Login | Register

Infants' knowledge of the association between object kinds and motion cues


Infants' knowledge of the association between object kinds and motion cues

Baker, Rachel K (2003) Infants' knowledge of the association between object kinds and motion cues. PhD thesis, Concordia University.

[thumbnail of NQ78617.pdf]
Text (application/pdf)


The origin in infancy of the distinction between animate beings (animals and humans), and inanimate objects (vehicles, furniture, etc.) is a research topic of theoretical and empirical interest. One recent proposal is that infants form concepts of animate beings and inanimate objects on the basis of motion cues. In the present experiments, infants' ability to associate motion cues with animals and vehicles was tested. The motion cues of line of motion trajectory and type of motion onset were tested in four experiments. Line of motion trajectory was depicted using bouncing as the inanimate trajectory and jumping as the animate trajectory. Type of motion onset was depicted using externally caused motion onset as the inanimate onset and self-initiated motion onset as the animate onset. In each experiment, infants were presented with animated events using an infant-controlled habituation procedure. In the habituation phase, infants saw an animal performing an animate motion cue and a vehicle performing an inanimate motion cue. In the test phase, the habituation-phase pairing of category and motion cue was maintained in one event and broken in the other event. In Experiment 1, 12-, 16-, and 20-month-olds were tested on their ability to associate trajectory and object kind under stringent conditions in which the animals' legs' and the vehicles' wheels did not move. Only 20-month-olds showed a robust ability to associate trajectory and category. In Experiment 2, 16-month-olds' ability to associate trajectory and category was not facilitated by more ecologically valid events in which the animals' legs and the vehicles' wheels moved and the animate features of the jumping trajectory were increased. In Experiment 3, 16-month-olds did not associate motion onsets and category. In Experiment 4, 16-month-olds were unable to associate these particular motion onsets with individual animals and vehicles, suggesting that infants were unable to discriminate between these particular types of motion onset. The present research indicates infants are able to associate trajectory with animals and vehicles by 20 months. Directions for future research are discussed, including techniques for further examining the integration of motion into infants' concepts.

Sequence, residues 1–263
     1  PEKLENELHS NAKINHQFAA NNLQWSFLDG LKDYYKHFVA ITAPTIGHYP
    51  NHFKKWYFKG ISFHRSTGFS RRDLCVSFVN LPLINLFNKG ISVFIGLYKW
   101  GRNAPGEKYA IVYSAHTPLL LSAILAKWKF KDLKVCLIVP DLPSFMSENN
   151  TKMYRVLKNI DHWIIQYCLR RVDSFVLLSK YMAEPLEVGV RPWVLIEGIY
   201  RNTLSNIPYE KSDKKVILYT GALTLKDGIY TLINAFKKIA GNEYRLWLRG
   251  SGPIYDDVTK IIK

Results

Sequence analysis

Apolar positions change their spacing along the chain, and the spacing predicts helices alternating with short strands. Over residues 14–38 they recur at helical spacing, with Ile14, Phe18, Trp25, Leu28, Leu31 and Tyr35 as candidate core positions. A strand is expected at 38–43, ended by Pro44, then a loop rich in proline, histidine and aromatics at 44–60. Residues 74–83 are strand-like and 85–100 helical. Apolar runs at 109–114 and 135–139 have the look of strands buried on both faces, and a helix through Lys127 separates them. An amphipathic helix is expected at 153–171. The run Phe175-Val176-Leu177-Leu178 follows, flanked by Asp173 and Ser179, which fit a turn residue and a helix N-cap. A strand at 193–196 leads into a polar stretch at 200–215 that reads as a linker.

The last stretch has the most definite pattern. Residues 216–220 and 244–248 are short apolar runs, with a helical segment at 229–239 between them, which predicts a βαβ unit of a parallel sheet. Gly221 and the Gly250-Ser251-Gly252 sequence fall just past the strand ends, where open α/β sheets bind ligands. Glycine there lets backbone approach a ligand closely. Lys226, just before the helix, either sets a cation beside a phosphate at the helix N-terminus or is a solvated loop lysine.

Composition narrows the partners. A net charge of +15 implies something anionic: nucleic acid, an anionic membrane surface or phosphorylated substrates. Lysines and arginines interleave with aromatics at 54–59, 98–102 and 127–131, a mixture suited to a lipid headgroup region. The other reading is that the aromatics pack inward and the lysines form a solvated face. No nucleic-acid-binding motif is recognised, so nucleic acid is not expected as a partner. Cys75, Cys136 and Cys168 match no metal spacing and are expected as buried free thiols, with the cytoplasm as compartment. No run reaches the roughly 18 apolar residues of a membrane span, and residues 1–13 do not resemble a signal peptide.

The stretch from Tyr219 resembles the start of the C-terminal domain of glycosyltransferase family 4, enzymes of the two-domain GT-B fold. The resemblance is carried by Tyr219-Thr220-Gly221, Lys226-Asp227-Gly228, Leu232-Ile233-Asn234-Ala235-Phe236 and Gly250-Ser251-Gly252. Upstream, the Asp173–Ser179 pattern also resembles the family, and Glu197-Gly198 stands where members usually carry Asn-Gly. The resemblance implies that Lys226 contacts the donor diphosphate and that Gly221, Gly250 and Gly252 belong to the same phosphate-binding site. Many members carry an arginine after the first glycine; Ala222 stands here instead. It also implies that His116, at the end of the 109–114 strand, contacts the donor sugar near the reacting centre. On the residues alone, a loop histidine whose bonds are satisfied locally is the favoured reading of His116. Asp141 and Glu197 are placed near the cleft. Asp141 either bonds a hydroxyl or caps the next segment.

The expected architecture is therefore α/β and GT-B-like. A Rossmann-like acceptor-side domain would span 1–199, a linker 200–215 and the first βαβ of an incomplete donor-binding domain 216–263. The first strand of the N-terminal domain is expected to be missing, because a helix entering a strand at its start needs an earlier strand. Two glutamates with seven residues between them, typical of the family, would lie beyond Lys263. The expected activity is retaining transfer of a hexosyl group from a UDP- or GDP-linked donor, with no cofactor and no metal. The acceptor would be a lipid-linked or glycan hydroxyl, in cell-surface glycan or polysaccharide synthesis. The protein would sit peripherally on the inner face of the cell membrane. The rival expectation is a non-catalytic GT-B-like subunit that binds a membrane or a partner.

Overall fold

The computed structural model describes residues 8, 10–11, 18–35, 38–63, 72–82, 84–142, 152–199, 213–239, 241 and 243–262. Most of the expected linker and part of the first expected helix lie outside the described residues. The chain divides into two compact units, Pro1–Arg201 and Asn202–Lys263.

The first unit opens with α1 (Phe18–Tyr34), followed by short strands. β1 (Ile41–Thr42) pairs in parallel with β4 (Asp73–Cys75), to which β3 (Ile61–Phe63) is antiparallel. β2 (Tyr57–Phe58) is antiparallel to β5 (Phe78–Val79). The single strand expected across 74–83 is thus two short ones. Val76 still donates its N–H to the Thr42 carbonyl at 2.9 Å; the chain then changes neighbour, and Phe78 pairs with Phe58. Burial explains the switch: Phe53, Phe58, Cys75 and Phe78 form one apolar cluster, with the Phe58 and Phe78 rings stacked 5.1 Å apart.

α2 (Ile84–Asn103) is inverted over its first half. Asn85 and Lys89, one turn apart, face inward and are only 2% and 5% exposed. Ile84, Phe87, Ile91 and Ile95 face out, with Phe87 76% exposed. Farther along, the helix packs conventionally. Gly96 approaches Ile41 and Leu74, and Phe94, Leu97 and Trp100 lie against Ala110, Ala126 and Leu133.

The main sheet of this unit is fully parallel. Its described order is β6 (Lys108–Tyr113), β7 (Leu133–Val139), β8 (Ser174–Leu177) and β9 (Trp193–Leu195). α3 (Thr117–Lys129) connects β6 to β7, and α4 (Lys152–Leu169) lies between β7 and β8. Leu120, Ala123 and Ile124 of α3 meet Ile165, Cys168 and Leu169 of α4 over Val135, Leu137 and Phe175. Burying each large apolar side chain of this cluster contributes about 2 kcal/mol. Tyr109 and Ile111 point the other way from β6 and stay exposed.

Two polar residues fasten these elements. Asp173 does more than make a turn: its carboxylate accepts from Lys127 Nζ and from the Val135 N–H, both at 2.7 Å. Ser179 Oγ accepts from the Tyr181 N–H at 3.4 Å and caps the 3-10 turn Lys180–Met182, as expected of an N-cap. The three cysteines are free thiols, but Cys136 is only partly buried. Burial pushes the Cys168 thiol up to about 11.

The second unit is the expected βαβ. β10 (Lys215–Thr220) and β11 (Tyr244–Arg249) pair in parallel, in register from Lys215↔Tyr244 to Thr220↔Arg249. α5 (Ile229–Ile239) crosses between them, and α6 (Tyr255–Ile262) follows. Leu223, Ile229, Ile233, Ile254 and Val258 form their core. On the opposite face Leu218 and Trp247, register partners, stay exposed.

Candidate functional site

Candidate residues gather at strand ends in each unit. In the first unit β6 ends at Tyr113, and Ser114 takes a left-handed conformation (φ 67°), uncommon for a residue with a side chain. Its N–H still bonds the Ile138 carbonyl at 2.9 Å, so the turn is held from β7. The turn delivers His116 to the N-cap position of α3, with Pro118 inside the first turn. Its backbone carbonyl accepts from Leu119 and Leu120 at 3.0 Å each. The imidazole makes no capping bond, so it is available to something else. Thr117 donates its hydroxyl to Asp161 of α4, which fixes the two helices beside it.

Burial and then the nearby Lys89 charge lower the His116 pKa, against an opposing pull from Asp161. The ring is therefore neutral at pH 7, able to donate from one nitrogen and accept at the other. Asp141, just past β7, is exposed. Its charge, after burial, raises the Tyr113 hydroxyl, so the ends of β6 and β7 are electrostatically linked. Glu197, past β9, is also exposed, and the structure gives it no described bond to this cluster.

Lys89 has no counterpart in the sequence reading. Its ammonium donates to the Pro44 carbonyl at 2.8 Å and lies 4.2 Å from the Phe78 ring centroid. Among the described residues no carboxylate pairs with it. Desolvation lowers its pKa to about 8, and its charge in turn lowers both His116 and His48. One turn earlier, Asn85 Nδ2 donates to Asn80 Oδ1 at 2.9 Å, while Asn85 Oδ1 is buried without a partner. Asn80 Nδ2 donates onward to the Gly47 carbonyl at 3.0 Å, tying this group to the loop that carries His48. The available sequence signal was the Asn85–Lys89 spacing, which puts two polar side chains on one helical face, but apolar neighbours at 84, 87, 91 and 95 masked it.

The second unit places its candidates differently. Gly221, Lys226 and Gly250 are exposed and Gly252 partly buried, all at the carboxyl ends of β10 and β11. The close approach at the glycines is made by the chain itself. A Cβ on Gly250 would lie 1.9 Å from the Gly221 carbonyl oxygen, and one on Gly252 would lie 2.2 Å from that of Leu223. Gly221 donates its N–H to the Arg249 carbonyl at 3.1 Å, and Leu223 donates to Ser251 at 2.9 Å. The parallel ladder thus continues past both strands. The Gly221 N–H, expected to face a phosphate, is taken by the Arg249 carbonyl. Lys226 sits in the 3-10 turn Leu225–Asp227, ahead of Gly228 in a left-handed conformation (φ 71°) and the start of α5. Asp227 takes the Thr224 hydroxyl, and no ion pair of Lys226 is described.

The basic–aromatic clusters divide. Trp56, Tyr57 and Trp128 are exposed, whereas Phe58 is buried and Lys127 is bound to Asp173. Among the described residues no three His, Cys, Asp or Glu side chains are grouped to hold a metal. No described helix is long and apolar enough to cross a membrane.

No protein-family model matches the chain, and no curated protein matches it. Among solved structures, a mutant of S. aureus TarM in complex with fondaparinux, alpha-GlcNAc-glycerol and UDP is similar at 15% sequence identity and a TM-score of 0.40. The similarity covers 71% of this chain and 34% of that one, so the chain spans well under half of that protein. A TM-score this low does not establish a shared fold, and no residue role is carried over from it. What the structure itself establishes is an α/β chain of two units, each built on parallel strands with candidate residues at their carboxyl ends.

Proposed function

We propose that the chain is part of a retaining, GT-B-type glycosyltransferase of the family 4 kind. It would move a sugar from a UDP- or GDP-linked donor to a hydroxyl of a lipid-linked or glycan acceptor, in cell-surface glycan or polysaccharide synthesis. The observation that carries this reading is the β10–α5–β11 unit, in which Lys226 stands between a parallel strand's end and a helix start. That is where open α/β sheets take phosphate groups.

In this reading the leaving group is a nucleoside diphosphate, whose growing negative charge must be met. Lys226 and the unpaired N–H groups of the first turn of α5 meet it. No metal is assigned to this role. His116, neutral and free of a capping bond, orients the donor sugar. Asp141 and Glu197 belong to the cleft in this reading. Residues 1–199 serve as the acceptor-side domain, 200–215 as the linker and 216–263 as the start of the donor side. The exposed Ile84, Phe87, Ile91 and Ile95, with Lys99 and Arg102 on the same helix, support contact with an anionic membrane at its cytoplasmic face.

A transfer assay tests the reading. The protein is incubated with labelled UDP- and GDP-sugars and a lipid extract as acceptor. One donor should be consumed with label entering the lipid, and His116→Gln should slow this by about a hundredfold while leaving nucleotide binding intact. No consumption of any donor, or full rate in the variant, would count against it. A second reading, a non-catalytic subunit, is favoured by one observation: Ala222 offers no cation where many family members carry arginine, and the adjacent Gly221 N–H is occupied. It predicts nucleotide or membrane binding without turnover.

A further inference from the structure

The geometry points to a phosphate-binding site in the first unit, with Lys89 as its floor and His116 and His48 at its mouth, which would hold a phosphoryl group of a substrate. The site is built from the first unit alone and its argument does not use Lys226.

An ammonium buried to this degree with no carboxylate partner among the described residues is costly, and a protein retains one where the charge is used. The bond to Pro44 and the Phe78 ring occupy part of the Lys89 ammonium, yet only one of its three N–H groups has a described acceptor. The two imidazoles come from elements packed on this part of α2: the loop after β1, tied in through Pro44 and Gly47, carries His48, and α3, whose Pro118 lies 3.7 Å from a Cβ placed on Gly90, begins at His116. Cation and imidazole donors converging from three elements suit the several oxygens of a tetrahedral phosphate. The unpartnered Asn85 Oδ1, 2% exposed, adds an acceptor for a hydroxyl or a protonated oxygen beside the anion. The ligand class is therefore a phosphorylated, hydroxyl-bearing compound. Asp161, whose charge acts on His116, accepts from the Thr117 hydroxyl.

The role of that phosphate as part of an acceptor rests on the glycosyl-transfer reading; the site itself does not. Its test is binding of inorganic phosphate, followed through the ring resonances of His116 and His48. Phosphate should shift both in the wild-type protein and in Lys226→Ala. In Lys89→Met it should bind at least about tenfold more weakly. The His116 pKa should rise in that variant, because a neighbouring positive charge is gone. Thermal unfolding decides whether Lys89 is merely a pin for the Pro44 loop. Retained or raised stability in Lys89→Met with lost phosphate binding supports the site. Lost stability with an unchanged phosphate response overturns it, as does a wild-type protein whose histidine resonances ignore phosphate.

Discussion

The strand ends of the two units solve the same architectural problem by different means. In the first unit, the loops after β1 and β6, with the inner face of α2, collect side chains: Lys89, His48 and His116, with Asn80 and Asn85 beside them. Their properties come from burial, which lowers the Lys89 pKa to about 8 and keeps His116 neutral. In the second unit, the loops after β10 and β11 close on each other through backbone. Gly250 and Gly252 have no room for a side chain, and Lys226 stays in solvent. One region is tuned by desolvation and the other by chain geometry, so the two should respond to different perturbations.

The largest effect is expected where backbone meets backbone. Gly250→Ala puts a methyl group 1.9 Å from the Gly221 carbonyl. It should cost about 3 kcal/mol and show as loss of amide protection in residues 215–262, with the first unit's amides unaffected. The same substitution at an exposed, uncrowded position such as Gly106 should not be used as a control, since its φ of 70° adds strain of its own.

Divisions:Concordia University > Faculty of Arts and Science > Psychology
Item Type:Thesis (PhD)
Authors:Baker, Rachel K
Pagination:xiii, 156 leaves : ill. ; 29 cm.
Institution:Concordia University
Degree Name:Ph. D.
Thesis Supervisor(s):Poulin-Dubois, Diane
Identification Number:BF 720 A4B35 2003
ID Code:2003
Deposited By: Concordia University Library
Deposited On:27 Aug 2009 17:24
Last Modified:13 Jul 2020 19:51
Related URLs:
All items in Spectrum are protected by copyright, with all rights reserved. The use of items is governed by Spectrum's terms of access.

Repository Staff Only: item control page

Downloads per month over past year

Research related to the current document (at the CORE website)
- Research related to the current document (at the CORE website)
Back to top Back to top